In what was surely the most-anticipated municipal mayoral race of my lifetime, October 27th marked the finish line: election day. With Rob Ford registering his intent to run again on January 2nd, the 10-month race was on. Ford’s two foes in this race, John Tory and Olivia Chow, were the only others in that mattered–although dozens of other candidates ran for mayor. The debates were focused on these three from the get-go–and when the Ford brothers’ shocking last-minute switch occurred on September 12th, Doug Ford merely stepped into his brother’s place as Rob ran instead for the Etobicoke North riding he had represented for a decade (2000-2010). Would Ford Nation embrace Doug as they had embraced Rob?
Tonight’s results were a resounding “No!” With a record-breaking 60% voter turnout, Toronto has chosen John Tory as mayor.
How did Tory win? Or rather, how did the Fords lose? The public had gotten sick of the drama that was city hall, ironically from a mayor who was elected to reduce government waste and inefficiency. For many, the last-minute substitution of one Ford for another was simply too much to take. Suspicious voters turned out in droves to force the Fords out–but only in the mayoral race. Rob has been re-elected as city councillor in Ward 2 Etobicoke–cancer treatment and all. Olivia Chow entered the race strong, but many analysts and journalists say that she began to lose traction in the summer–for reasons nobody has been able to figure out. Tonight on CBC, journalists said she ran “too sensible” of a campaign, “always took the high road”, and noted that the twin spectres of racism and sexism had reared their ugly heads during the past few months; ironically a female journalist covering the results criticized Chow as “too nice”, a descriptor that would likely not be applied to a male candidate. Indeed, in the male-dominated arena of debates (or shouting matches), it was difficult for an intelligent and sensible woman to win over two candidates who alternately proposed pipe dreams and vague ideas with equal amounts of bluster–difficult, as well, to withstand members of the public who taunted her ethnocultural background or gender. By summer, the race had become about one issue: transit. Tory introduced his SmartTrack idea which, although vague and lacking a realistic funding strategy, gained remarkable traction with the public over Chow’s simpler, cheaper plan–by the time Doug Ford developed a plan for relieving congestion, late in September, the voters had already decided.
Those voters who may have liked Rob Ford’s fiscally prudent promises the first time around, but blanched at his drug and alcohol abuse issues, may have also been drawn to Tory as a fiscal conservative. In this area, leftist Chow stood no chance–even though in many cases her proposals were fiscally responsible (more so, in some cases, than her opponent Tory), the public knows her as an NDP Member of Parliament, which in their eyes means spending on socially relevant causes instead of balancing the budget. As Toronto Star columnist Royson James wrote, “They wanted Ford without the drama.”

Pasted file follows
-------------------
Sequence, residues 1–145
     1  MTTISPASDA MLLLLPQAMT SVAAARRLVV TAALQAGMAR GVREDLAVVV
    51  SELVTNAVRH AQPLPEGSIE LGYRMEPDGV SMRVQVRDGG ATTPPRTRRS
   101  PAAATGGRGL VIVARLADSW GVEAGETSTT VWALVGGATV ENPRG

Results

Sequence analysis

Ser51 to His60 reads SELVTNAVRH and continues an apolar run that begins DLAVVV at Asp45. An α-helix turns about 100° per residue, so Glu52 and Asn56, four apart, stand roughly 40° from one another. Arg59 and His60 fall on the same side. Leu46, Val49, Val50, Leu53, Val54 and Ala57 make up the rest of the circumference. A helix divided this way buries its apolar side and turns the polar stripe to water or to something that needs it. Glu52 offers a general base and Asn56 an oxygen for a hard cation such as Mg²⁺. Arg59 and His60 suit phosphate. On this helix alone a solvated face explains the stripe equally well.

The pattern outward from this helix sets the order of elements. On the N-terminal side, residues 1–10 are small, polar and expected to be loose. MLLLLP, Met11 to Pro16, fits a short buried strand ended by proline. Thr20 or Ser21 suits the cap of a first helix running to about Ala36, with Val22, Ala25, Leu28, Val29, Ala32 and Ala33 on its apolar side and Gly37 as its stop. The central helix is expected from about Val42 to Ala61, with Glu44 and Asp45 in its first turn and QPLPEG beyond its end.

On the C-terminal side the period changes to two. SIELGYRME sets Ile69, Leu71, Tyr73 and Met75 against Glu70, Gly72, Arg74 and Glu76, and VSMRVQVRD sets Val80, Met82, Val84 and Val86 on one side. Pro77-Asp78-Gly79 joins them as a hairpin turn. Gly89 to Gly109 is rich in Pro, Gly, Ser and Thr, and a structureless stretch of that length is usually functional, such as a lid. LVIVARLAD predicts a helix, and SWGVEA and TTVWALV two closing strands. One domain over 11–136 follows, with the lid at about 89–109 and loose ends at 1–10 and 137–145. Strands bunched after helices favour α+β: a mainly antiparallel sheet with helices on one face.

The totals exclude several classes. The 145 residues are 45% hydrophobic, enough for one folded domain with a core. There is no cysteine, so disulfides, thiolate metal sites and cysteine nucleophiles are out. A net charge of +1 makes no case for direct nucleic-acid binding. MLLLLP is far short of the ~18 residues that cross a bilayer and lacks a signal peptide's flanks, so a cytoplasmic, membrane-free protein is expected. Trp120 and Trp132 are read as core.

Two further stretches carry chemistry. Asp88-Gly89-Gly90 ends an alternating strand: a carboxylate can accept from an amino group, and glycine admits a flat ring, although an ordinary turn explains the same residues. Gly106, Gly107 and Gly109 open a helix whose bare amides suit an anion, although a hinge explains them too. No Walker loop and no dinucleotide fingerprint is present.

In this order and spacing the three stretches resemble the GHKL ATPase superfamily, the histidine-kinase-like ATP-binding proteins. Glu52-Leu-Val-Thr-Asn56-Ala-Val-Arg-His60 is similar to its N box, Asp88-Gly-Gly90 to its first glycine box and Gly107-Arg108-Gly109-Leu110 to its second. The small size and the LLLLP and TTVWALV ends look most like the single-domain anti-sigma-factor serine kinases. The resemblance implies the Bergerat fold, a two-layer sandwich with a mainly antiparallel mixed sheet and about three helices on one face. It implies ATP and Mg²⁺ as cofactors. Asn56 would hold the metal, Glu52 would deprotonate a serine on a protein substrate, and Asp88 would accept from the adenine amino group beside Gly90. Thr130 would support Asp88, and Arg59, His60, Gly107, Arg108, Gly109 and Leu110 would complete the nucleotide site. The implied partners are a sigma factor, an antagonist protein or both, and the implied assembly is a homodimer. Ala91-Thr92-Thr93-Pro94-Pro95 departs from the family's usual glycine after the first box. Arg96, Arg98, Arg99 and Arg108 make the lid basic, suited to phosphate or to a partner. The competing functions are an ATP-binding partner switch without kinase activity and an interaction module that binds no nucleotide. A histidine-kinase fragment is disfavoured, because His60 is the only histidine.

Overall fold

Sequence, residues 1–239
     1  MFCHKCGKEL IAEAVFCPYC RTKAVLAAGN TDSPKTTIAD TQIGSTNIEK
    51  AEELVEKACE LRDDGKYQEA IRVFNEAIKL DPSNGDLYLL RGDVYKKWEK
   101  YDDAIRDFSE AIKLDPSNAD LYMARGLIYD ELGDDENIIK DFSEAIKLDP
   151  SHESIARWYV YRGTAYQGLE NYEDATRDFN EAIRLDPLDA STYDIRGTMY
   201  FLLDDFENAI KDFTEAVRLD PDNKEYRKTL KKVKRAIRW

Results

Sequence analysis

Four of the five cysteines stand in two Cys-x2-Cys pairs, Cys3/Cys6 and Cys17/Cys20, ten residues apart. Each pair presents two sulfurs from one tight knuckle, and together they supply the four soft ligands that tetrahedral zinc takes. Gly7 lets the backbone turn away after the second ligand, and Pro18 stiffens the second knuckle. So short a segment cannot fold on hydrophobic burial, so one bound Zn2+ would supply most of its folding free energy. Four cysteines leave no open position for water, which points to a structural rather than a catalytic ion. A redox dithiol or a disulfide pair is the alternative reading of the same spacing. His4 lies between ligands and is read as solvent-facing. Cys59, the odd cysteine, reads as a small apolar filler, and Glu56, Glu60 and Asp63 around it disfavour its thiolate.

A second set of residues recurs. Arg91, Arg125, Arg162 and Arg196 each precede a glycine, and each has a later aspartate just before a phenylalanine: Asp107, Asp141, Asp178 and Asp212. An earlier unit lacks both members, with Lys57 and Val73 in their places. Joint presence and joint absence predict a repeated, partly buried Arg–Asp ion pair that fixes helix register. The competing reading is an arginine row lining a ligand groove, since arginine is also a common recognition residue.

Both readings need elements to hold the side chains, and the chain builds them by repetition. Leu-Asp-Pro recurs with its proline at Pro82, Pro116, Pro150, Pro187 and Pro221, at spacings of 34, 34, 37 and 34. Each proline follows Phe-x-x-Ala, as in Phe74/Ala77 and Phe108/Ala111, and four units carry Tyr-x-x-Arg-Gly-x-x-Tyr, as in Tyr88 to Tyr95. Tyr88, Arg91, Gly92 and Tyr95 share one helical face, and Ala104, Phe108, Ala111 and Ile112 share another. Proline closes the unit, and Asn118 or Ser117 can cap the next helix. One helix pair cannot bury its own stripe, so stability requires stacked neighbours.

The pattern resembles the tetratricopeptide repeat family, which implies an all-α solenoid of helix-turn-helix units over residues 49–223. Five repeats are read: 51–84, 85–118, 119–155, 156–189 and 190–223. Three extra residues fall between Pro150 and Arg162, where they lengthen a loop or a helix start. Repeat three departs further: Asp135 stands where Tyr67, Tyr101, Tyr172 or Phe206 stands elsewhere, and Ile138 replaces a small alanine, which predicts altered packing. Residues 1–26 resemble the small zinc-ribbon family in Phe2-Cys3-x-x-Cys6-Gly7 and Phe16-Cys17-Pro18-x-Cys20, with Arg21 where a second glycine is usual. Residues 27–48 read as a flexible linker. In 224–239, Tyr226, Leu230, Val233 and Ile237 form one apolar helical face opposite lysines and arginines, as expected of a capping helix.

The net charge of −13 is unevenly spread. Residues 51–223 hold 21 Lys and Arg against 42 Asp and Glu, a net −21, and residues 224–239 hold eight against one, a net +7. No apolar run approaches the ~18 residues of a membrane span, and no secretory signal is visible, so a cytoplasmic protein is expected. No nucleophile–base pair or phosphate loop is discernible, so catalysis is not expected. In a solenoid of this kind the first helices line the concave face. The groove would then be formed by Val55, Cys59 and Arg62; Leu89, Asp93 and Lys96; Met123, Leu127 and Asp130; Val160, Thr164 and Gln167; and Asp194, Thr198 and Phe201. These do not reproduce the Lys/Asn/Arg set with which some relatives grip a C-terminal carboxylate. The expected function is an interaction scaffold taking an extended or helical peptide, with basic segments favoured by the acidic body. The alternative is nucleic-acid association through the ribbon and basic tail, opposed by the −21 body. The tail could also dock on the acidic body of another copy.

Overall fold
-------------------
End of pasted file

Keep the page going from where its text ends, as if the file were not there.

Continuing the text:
Finally we have the polls, which beginning in August, have traced Tory’s rise to power. In many races in recent history (including the 2011 federal, 2012 Alberta provincial, and 2014 Ontario provincial elections) polls have been wildly inaccurate. It is worthwhile to note that polls did not correctly predict the winners of any of these major races–but they did tonight. Those who remained undecided until around Labour Day, which in Toronto circles seems to be when the race shifts into high gear, were subjected to a barrage of convincingly scientific-sounding polls that told them Tory was in the lead. Numerous articles urged Chow to give up the race in order to avoid splitting the vote, and many urged Torontonians to vote strategically against Ford.
Tory was the least controversial in comparison to Chow or Ford. Freelancer John Barber calls Tory “as boring as Nebraska” under the headline “Boredom replaces noise and strife at city hall.” Like others before him, Barber describes Tory’s program as “comfortingly vague, building on his natural strength as an inoffensive character.” As so often happens in politics, it was an election based on who the public didn’t want in office, rather than who they did want. As many have written, this race always had to be about getting rid of Rob and restoring Toronto’s internationally tarnished reputation–the highest voter turnout since Toronto’s 1998 amalgamation illustrates this. Neighbouring municipalities, with less spectacular, media-hogging candidates, had voter turnouts as low as 23% tonight. Tory inherits the difficult task of bridging a divided Toronto–less divided than in 2010, perhaps, but divided nonetheless–a task he promised to undertake as the Great Healer.